Although living cells are primarily made up of water, a number of other molecules are also abundant. Gigantic molecules, called macromolecules, populate a cell and provide it with important functions for life. For example, macromolecules provide structural support, a source of stored fuel, the ability to store and retrieve genetic information, and the ability to speed biochemical reactions. Four major types of macromolecules—proteins, carbohydrates, nucleic acids, and lipids—play these important roles in the life of a cell. In this tutorial, we examine the structures and functions of carbohydrates and lipids.


Carbohydrates are a large group of molecules that all have similar atomic compositions—with the general formula Cn(H2O)n—but differ greatly in size, chemical properties, and biological functions. Carbohydrates include the relatively small glucose molecule and the enormous glycogen molecule, which may consist of hundreds of thousands of glucose monomers. Carbohydrates are energy-rich. Many, such as glycogen, provide energy-storage functions. Other carbohydrates, such as cellulose—a component of plant cell walls—serve primarily structural roles in a cell.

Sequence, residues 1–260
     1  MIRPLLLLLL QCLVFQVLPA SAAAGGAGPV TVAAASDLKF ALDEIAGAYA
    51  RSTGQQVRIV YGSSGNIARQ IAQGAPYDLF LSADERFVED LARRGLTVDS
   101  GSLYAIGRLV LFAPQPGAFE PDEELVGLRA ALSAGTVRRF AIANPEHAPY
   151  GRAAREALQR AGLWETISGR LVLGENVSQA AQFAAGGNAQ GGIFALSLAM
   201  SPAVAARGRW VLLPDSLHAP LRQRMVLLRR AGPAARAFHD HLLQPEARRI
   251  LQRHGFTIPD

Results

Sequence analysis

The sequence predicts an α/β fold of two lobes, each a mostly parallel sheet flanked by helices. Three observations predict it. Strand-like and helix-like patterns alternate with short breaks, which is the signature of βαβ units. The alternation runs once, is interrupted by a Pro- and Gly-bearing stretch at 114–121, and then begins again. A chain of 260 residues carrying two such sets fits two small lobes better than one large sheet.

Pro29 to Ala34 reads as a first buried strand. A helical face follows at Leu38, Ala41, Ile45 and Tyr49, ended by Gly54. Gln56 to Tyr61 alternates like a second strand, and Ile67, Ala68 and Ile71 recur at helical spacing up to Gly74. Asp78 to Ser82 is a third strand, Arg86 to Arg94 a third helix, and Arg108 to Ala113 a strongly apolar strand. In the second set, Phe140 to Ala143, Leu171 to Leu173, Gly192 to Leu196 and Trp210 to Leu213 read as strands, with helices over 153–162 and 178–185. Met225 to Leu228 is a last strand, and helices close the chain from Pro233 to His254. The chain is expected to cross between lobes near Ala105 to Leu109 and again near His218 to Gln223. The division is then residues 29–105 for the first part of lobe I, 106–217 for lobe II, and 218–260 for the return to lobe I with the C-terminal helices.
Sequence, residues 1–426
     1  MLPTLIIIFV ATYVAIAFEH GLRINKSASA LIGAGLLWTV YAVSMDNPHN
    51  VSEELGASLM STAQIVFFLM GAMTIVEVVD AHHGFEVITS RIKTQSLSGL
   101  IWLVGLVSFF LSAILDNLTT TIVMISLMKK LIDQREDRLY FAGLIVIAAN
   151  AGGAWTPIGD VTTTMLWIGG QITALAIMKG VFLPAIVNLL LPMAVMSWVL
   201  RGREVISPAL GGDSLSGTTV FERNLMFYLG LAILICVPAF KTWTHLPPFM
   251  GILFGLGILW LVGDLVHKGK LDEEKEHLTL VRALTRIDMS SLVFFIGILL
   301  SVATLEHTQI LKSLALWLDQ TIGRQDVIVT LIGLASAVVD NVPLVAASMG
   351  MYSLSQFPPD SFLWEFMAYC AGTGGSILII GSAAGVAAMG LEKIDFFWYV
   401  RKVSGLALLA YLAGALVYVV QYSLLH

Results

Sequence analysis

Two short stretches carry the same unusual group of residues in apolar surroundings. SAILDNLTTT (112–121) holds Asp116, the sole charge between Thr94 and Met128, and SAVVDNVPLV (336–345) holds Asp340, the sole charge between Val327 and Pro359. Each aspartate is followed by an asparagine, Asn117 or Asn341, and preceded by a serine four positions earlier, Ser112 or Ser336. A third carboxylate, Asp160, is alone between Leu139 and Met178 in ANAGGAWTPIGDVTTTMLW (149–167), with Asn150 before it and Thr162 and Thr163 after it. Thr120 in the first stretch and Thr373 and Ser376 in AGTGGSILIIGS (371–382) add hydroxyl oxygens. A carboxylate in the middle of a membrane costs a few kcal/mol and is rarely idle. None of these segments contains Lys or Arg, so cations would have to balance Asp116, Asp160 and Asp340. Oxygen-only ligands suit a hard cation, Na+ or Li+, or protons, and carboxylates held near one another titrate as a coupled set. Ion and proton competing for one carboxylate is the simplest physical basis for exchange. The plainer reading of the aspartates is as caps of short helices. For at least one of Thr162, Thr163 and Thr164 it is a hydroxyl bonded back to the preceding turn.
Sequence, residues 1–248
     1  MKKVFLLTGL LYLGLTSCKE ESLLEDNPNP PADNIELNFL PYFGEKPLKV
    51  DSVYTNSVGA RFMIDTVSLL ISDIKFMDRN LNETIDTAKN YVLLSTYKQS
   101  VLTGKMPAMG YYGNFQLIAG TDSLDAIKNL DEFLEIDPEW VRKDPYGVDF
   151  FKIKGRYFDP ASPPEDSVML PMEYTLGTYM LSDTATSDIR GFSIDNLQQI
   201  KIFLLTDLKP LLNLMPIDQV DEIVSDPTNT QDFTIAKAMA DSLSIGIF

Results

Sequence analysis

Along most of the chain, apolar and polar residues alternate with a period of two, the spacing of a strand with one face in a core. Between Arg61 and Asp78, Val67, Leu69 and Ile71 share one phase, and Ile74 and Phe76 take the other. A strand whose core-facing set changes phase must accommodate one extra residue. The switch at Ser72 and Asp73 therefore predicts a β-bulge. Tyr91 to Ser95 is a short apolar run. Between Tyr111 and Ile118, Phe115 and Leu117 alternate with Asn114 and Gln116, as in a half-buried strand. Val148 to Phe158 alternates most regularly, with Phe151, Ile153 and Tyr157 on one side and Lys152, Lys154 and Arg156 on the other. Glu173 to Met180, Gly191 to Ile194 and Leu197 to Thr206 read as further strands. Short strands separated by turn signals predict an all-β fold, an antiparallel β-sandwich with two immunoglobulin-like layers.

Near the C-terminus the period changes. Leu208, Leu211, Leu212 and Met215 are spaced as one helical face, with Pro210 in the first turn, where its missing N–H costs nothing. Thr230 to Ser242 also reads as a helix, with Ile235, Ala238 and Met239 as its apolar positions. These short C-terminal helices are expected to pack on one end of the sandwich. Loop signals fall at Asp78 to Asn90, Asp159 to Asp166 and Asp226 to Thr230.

Lipids—colloquially called fats—are hydrocarbons (composed of C and H atoms) that are insoluble in water because of their many nonpolar covalent bonds. Lipids are diverse in structure and function, but all have in common that they are hydrophobic. The most common units of lipids are triglycerides. A triglyceride contains three fatty acid molecules and one glycerol molecule. The long hydrocarbon chain of a fatty acid is very hydrophobic because of its abundant C–H and C–C bonds.

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Textbook Reference: Concept 2.2 Atoms Interact and Form Molecules